Equifax’s new CEO is very sorry.
“On behalf of Equifax, I want to express my sincere and total apology to every consumer affected by our recent data breach,” Paulino do Rego Barros Jr. wrote in an open letter published by the Wall Street Journal on Wednesday afternoon. “We didn’t live up to expectations.”
Equifax has a lot to apologize for. The company left a vulnerability unpatched for more than two months, allowing hackers to steal private data on 143 million customers. Hackers began infiltrating the Equifax network in March, but the intrusion wasn’t discovered until July.
“We were hacked,” Barros added. “But we compounded the problem with insufficient support for consumers. Our website did not function as it should have, and our call center couldn’t manage the volume of calls we received.”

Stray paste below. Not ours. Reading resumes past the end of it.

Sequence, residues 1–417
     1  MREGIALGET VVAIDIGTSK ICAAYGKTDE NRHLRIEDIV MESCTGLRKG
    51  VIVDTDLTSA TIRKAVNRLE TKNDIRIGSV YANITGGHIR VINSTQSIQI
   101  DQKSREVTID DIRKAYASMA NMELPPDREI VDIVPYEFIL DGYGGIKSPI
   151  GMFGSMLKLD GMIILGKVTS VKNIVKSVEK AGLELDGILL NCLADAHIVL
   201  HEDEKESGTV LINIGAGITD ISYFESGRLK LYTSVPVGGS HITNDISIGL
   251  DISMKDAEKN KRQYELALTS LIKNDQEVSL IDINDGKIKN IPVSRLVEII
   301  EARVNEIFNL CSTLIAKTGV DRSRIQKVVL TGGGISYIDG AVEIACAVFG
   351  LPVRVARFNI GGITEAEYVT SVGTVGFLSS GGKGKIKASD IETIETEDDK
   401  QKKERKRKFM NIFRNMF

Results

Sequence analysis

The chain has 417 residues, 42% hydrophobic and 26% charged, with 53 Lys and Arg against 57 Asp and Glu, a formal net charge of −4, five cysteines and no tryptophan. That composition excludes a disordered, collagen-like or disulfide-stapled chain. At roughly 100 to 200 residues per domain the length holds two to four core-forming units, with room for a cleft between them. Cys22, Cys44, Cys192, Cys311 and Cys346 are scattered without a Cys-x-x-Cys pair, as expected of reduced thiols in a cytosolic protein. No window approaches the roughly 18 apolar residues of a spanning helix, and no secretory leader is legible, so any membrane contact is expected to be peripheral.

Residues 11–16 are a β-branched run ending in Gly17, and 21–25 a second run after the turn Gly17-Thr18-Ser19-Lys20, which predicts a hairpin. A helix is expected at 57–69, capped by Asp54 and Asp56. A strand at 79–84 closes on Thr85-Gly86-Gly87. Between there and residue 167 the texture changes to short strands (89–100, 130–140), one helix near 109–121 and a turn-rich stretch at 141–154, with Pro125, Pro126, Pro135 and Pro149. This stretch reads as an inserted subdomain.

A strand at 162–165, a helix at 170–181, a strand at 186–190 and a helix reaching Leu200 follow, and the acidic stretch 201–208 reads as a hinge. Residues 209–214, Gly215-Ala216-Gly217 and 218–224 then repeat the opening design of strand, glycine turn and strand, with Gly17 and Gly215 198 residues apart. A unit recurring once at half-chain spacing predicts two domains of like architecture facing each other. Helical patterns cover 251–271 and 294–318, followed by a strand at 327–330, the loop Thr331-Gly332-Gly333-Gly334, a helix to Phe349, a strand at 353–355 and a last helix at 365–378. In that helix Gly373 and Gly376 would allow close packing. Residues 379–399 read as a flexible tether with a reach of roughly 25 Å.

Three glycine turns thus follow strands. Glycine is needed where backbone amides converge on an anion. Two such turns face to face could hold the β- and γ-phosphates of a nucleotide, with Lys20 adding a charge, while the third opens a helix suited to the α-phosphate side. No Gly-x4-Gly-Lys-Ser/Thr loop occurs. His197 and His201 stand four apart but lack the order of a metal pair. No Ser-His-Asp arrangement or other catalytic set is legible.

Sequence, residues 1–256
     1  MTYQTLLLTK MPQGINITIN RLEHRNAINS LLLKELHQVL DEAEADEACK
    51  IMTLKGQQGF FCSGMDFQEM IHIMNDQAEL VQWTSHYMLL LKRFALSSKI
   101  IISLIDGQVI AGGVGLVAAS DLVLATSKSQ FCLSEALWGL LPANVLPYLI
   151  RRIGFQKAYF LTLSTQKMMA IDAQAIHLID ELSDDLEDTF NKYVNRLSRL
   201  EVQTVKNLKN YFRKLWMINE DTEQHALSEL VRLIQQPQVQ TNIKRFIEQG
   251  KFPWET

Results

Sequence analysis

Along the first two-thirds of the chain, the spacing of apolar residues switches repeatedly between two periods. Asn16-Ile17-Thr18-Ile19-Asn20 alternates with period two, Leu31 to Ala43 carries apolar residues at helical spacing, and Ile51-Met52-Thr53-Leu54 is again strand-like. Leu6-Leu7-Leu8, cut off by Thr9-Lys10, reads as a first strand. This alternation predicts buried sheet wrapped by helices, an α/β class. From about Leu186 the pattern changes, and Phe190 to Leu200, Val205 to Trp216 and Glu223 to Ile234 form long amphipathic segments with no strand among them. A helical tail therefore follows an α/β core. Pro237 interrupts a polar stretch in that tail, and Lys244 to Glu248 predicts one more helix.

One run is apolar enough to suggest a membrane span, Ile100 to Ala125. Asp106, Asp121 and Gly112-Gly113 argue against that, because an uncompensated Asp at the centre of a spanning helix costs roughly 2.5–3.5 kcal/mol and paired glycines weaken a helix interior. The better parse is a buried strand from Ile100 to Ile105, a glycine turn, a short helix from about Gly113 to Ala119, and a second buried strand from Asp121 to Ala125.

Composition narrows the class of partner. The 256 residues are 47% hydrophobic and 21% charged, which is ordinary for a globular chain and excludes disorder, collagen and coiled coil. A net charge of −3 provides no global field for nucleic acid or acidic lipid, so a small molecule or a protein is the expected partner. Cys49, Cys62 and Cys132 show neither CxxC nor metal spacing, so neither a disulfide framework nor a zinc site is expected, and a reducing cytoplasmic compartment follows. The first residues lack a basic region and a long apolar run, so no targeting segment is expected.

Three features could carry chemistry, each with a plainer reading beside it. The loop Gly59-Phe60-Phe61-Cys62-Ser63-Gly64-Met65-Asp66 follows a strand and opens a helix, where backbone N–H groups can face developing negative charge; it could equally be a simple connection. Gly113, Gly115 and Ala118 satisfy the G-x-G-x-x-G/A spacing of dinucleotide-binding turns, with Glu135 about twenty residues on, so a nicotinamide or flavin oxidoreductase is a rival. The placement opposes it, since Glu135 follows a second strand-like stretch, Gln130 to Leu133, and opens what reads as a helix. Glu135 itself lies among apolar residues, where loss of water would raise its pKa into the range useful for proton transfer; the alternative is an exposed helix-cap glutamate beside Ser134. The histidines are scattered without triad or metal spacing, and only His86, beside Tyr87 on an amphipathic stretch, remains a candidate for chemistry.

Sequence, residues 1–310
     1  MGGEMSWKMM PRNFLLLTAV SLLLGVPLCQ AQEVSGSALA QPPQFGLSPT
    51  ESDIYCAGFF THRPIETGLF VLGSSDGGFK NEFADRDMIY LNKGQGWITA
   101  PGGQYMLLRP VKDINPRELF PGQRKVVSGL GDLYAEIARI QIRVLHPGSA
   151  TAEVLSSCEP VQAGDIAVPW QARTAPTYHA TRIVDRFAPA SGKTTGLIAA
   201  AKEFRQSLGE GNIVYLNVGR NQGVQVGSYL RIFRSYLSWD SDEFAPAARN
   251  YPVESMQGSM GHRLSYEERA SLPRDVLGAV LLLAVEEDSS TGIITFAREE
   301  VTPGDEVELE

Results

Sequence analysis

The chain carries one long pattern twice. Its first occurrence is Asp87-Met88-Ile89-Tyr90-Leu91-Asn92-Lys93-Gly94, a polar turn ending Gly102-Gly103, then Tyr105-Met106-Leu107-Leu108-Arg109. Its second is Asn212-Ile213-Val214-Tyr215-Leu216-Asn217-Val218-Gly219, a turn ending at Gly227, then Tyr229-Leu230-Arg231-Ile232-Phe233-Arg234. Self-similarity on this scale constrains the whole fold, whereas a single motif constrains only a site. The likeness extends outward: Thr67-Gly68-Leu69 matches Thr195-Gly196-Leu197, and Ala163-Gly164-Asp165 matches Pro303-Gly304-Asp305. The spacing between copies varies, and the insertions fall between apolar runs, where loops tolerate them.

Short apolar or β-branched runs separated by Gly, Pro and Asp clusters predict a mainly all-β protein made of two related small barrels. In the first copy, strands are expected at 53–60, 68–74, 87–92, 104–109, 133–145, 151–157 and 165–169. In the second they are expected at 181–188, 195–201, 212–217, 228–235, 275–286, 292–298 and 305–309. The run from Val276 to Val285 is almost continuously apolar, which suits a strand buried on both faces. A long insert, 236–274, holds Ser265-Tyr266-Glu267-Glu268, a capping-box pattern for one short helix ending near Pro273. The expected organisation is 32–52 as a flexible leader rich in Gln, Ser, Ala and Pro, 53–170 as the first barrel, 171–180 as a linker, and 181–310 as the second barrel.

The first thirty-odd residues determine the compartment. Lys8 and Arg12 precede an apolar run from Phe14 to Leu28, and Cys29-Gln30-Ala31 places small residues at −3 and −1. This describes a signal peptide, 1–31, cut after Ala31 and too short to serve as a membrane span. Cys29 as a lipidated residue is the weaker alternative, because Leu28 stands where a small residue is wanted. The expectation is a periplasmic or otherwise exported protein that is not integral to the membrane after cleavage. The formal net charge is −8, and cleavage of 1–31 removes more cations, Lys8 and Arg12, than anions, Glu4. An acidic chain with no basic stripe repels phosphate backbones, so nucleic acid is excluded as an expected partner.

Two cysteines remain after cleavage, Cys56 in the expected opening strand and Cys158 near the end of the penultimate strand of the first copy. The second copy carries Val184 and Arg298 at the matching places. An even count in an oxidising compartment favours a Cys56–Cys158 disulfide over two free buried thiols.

Barros, who has only been on the job for a couple of days, didn’t mention other missteps. For example, Equifax chose to post information about the breach at equifaxsecurity2017.com instead of on equifax.com. That created an obvious risk of consumer confusion. At one point an Equifax representative on Twitter directed customers to visit a fake version of the site—securityequifax2017.com. Luckily, the site had been created by a security researcher trying to illustrate the problem with using a new domain rather than a fraudster looking to harvest peoples’ personal information.
In his Wednesday letter, Barros vowed to improve its website and hire more call center employees. He also said that Equifax is extending the deadline to sign up for free credit freeze and credit monitoring services until January.
Barros also vowed to offer a new service early next year “allowing all consumers the option of controlling access to their personal credit data.” It will be “offered free, for life.”